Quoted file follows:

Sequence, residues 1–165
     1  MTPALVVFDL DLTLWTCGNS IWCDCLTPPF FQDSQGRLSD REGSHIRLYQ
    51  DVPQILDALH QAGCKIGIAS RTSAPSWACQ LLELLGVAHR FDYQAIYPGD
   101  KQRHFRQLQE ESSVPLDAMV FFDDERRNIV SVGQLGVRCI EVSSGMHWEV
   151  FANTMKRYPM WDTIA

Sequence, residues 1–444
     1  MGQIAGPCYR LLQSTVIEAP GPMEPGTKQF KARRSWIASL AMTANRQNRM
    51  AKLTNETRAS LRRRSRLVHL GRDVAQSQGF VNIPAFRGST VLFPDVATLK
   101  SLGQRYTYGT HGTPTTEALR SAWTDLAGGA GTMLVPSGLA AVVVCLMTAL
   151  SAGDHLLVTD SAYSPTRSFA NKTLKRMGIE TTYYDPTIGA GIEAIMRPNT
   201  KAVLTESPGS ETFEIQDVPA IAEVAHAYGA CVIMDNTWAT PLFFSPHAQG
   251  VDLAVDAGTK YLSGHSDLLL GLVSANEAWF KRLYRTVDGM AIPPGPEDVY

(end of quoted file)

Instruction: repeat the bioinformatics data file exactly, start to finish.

Sequence, residues 1–165
     1  MTPALVVFDL DLTLWTCGNS IWCDCLTPPF FQDSQGRLSD REGSHIRLYQ
    51  DVPQILDALH QAGCKIGIAS RTSAPSWACQ LLELLGVAHR FDYQAIYPGD
   101  KQRHFRQLQE ESSVPLDAMV FFDDERRNIV SVGQLGVRCI EVSSGMHWEV
   151  FANTMKRYPM WDTIA

Sequence, residues 1–444
     1  MGQIAGPCYR LLQSTVIEAP GPMEPGTKQF KARRSWIASL AMTANRQNRM
    51  AKLTNETRAS LRRRSRLVHL GRDVAQSQGF VNIPAFRGST VLFPDVATLK
   101  SLGQRYTYGT HGTPTTEALR SAWTDLAGGA GTMLVPSGLA AVVVCLMTAL
   151  SAGDHLLVTD SAYSPTRSFA NKTLKRMGIE TTYYDPTIGA GIEAIMRPNT
   201  KAVLTESPGS ETFEIQDVPA IAEVAHAYGA CVIMDNTWAT PLFFSPHAQG
   251  VDLAVDAGTK YLSGHSDLLL GLVSANEAWF KRLYRTVDGM AIPPGPEDVY